Accounts are held under the minor's name and social security number and there can only be one custodian per account.
Here's our full review of Firstrade.
Most brokers have a selection of no-transaction-fee mutual funds, but then charge from $5 to $49.99 for buying or selling shares of funds not on that list. A standout Firstrade feature is that they do not charge trading fees on any of the thousands of mutual funds it has on offer.
While Firstrade offers a well-organized website, user-friendly tools and quality research, the broker lacks the depth to compete with the larger full-service brokers. That said, investors looking for a low-cost, well balanced, all round easy-to-use broker may find Firstrade a great fit.
Acorns is a brokerage/robo-advisor that offers an investment account, a retirement account, and a checking account that invests your spare change. It’s a way to make good use of all those loose coins rattling around in your car or getting dusty on your dresser.
Acorns has launched a fourth type of account: a custodial account called Acorns Early. Acorns Early works like your Acorns Invest and Later accounts: you can invest as little as $5 into a diversified portfolio of exchange-traded funds (ETFs).
You don’t necessarily need to be a relative; you can open an account for any child you’d like to invest for. All you need is their legal name, date of birth, and Social Security number.
There isn't an option to sign up for just the Acorns Early account — to open an account, you have to sign up for the Acorns Family plan. You might want to open an Acorns Early account if you are already an Acorns member, or you want access to Acorns' investment, retirement, and checking accounts. If you aren't interested in the other features of Acorns, you might not want to open an Acorns Early account.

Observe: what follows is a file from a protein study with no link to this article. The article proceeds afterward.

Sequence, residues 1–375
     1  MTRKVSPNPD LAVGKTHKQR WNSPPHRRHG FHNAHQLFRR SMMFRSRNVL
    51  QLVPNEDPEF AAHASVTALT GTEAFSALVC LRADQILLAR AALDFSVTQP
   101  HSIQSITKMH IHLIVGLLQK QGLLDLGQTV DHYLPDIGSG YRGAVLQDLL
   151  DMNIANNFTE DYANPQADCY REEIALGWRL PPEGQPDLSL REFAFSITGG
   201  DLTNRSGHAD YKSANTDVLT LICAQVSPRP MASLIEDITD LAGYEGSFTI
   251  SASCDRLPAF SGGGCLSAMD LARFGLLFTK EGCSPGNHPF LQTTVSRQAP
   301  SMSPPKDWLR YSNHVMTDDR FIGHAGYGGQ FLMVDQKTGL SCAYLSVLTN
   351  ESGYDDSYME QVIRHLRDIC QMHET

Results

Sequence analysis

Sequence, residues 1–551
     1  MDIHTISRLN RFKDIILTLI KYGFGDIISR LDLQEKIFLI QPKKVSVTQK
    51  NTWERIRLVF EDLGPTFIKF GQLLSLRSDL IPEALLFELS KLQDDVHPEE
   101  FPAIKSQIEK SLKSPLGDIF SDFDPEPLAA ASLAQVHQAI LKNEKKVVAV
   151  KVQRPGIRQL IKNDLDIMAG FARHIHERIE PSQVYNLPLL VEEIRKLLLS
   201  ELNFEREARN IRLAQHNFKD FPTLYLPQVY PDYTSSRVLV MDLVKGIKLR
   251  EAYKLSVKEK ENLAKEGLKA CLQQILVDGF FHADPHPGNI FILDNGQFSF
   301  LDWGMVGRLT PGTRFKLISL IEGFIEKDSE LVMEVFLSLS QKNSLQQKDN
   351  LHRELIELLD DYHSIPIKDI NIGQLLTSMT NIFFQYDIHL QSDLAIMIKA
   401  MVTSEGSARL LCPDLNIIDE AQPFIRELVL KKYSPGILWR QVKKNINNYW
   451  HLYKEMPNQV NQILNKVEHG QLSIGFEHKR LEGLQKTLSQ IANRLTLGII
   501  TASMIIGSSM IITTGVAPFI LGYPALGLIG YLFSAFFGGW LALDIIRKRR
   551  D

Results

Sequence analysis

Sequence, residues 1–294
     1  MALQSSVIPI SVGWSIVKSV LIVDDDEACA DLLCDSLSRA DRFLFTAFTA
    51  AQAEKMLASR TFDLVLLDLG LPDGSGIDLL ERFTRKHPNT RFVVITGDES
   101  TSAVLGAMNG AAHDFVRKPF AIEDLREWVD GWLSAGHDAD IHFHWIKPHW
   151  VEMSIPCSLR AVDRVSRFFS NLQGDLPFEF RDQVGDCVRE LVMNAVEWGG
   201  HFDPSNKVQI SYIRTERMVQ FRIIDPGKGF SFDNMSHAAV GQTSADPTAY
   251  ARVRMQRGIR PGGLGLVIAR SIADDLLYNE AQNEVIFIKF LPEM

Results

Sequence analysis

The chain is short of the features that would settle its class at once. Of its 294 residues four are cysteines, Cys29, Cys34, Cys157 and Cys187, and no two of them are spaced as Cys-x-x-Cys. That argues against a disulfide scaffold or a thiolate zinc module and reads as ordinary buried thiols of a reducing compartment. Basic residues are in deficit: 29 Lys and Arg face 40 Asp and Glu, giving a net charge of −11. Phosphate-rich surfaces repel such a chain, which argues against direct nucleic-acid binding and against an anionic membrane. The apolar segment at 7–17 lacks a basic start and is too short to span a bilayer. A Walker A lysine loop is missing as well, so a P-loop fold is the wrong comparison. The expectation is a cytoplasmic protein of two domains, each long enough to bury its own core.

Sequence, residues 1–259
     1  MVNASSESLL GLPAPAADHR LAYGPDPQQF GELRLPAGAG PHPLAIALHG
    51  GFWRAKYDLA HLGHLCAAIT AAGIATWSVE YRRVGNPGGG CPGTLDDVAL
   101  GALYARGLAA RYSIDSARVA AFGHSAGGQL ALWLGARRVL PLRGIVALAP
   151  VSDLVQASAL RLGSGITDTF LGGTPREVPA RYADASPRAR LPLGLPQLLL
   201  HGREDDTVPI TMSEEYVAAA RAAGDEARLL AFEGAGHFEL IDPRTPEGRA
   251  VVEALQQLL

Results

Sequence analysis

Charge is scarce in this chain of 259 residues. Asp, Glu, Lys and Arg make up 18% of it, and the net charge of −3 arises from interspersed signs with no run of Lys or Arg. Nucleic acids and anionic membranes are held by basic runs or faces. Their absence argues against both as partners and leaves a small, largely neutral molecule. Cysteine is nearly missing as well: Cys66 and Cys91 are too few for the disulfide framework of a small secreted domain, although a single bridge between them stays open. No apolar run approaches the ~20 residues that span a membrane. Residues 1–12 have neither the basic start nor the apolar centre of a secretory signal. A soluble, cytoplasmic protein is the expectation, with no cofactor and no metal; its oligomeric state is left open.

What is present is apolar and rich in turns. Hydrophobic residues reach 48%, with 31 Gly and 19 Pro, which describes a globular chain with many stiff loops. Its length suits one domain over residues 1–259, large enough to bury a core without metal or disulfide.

You can learn more about Acorns in our full review.
You will also gain access to financial literacy content that helps you talk with your child about money.
All Acorns Early customers are placed into an aggressive portfolio because of the age of the beneficiary. Given the child’s young age, there’s an opportunity to accept more risk in exchange for seeking a greater potential reward over time.
Joining the Acorns Family plan costs $5 per month for most families.
Schwab offers a great way for you to take smaller steps when you open a custodial account. With Schwab Stock Slices, you can launch a custodial account for as little as $5. You read that right: you can buy fractional shares in any of America’s leading companies in the S&P 500 starting at $5.
You can also give your Stock Slices recipient a tangible certificate showing the companies they own. After the custodial account has been opened and funded, and you’ve purchased the fractional shares, you can download and print an announcement.
Schwab also has a way to help make learning about investing fun and exciting via an interactive guide. It explains all about investing and why it’s important for overall financial health. Once your custodial account is set up, you can download and print the New Stock Owner's Guide.
It is written in language that older kids will understand, and is an activity you can do together. Who knows, you might also learn something in the process!
You will also have access to research and information to help you choose stocks, bonds, CDs, mutual funds, and more, or you can select a single-portfolio solution. It’s an easy process to open an account, and there is no account minimum to open a custodial account. Plus, there’s no account maintenance fee.